Occupation April 26, 1941

Written By: Theodore  Riky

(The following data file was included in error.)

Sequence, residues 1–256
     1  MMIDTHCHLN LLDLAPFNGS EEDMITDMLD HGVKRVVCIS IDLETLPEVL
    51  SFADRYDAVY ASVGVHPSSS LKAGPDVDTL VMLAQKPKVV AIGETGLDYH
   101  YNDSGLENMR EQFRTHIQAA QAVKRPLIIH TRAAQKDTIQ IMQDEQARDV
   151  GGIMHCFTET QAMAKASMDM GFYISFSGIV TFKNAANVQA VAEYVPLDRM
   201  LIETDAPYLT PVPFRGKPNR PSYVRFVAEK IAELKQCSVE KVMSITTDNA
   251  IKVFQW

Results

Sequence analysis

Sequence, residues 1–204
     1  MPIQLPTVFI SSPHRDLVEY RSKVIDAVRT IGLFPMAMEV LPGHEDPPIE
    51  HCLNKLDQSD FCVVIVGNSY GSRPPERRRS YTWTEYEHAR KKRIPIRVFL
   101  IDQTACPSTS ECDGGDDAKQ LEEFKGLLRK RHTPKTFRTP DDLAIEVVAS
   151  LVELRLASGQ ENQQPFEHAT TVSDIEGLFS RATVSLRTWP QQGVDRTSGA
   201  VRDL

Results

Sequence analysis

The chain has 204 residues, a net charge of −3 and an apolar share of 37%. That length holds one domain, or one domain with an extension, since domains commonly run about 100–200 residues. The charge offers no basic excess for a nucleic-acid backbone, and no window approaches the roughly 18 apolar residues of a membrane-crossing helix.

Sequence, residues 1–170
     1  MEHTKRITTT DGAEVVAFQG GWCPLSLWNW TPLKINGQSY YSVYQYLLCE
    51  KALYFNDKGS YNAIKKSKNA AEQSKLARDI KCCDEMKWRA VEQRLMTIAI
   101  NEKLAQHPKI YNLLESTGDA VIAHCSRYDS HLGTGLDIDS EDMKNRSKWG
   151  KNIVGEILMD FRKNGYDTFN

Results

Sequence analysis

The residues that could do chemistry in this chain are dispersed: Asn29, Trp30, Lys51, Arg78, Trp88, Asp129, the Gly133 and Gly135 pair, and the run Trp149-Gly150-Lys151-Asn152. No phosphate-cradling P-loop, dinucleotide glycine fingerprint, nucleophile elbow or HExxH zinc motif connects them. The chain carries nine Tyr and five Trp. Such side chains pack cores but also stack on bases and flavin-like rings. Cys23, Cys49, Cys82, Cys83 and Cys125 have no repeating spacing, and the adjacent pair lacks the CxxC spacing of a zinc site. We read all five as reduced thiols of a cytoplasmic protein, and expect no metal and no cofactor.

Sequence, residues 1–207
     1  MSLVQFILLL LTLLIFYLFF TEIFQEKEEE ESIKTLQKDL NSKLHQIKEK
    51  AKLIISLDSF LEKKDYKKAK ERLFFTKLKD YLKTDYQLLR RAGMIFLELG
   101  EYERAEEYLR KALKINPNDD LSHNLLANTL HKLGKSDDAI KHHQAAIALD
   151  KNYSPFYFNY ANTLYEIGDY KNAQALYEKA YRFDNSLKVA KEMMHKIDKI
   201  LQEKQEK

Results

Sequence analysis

On April 24th, the sirens were blasting! The radio announced “close your windows and shutters! Do not go out onto the street! The Germans will be entering Athens!” For two days, I was anxious to see the Germans enter Athens. A few days went by, the radio announced, for everyone to go on with our lives as normal. People were back on the streets. The buses were working like nothing ever happened. I thought maybe what they said about the Germans was just a joke. I met my friend, Spiros and we both were trying to find out what the hell was going on in Athens. It looked like a marvelous situation that we were witnessing. We met up with a lot of our friends and started to go to different parties and having a good time. But this did not last for long. Things changed drastically. Food was disappearing from the stores, the bakers stopped making bread, and I said to Spiros, “what the hell is going on.” To our surprise, we noticed that a black market was taking over Athens. The center of the black market was at Athena Street in Omnia Square. People were going there to find whatever they needed. Many people were dying from lack on food. The dogs were disappearing from the streets. The situation was getting very bad, especially for the poor and the elderly. The veterans were in control of the black market. Spiros and I had no choice but the join the market to survive. We guess that the Germans were taking our food and supplies for their own army. Spiros and I had to make a very drastic decision. We thought that we could participate in the black market ourselves, but found it difficult because the police prohibited it. Therefore, we decided to go to work in Germany, like many others. It was going to be difficult to explain to our families our decision to go. We discovered there was a train leaving for Germany on Friday. We packed our bags and went to the station. There were hundreds of people saying goodbye to their families and friends. The train took off at 7pm. Because there were no chairs, everyone was sitting on the floor. We began talking about our young lives, about our friends, girls, and parties until we fell asleep. Early the next morning, we arrived in the town of Enz which is near Viena. We were told by the German soldiers to follow them to the cafeteria where we had something to eat. There they explained to us where we were going to stay. We walked to the site, which was full of barracks. We entered one of them and we took the bunk beds, Spiros took the top and I took the bottom. The Germans told us to be ready at 6am the next morning and to meet at the cafeteria for breakfast. After breakfast we walked to the factory. This is where we were assigned work. The routine in the factory was very simple. We moved cables from one side of the factory to the other side. There we met a few Greek men. We became friends and they explained to us the things we should know about the working conditions and things in general. Our new Greeks friends asked us, if we would like to join them on a trip to the town of Vienna. We took the train to the beautiful city of Vienna. As we were touring the city, I noticed a beautiful building. Our Greek friends told us it was the Opera House of Vienna. One of the Greeks mentioned that across the street was the center of the black market. I said, “Wow! There is a black market here as well.” This is the life in Vienna. You get up in the morning, go to work, come home and because you are so tired you just eat and go to sleep. One of the Greeks told me that when his cousin came to Germany, he landed in Studgart. The life was different there compared to life here in Vienna. The working conditions there are great, you live in a house, and in general it is a good life. But the workers in Vienna can only travel 30 miles with the papers they have. It is very difficult for someone to go there without getting caught and brought back or taken to jail. This great town of Studgart was on my mind daily. I kept wondering how we can go there. I spoke to Spiros about going to Studgart and he said to me “two young guys like us, 14 years old, what do we have to lose, if we make it there that is great, if not we go to jail. I also mentioned to Spiros that I think the only day we can pull this off, is if we go on Christmas Day, because it’s a holiday. People are happy and no one is really paying that much attention. Back in the barracks, I took my German book out to continue to learn German. Christmas Day at 7pm in the evening we were ready to take action. We told no one. We went to Vienna and bought two tickets to Studgart. We hopped onto the train and away we went. The train was packed with people, soldiers, carrying gifts and everyone was happy. We arrived to Studgart and thought everything would be alright. But then we noticed a gate that we had to go through with two soldiers spot checking. I told Spiros not to worry, that I had an idea that would work. This idea happens only in an American movie. I started to walk back and forth on the platform, and talking to myself in Greek. I was hoping that something could happen. I was walking back and forth for over an hour. When finally someone tapped me on my shoulder and said in Greek, “Patriot do you have a problem.” I was so glad to see someone who was Greek and explained what the problem was, and he shook his head and said,” you young guys must be crazy.” I told him that now we were here and we needed to get a job and we have no papers. He told me he would be back in less than ten minutes. Those ten minutes felt like ten years. Finally, I saw him walking back towards me. He told me “here are your two working papers.” He told me to go through the gate and if they ask you for your papers, you show them to the soldiers. He would meet us on the other side of the gate. I told Spiros that I would go first and for him to follow. We walked through the gate and no soldier asked us for our papers. Once on the other side, the Greek Patriot told us his name was Nick. We stopped at a little place that looked like a coffee shop. There were about ten Greek men inside joking and having coffee. We told the men our story of how we got here. They invited us to their home to rest and told us the next morning we would meet their friend George, who would help us get work. The next morning we met George who told us to take a train to Ludwigsburg, where he hoped we would be able to get some working papers. On the train, George told us the following, “Do not act smart; be truthful about how you got here and how you wanted to get a job.” When we got to the town, we went to the work permit department building. There we were questioned by two men. We told them everything that happened to us, how we got here. George told us after our interview, to go outside and wait. Once outside, I told Spiros, “we are not in jail yet.” George came out all smiles and said “guys here are your new working papers, we are going to walk a few blocks to the factory. The name of the factory was Gedrag. And they will give you your assignment. We met two men there, Mr. Prospec and Mr. Rittinger. They told us to report the next morning for work at the factory. After that, George told us we would meet a couple of Greek men, who also work in the factory. They will take you to their house for you to stay. This turned out to be a 4 ½ year stay.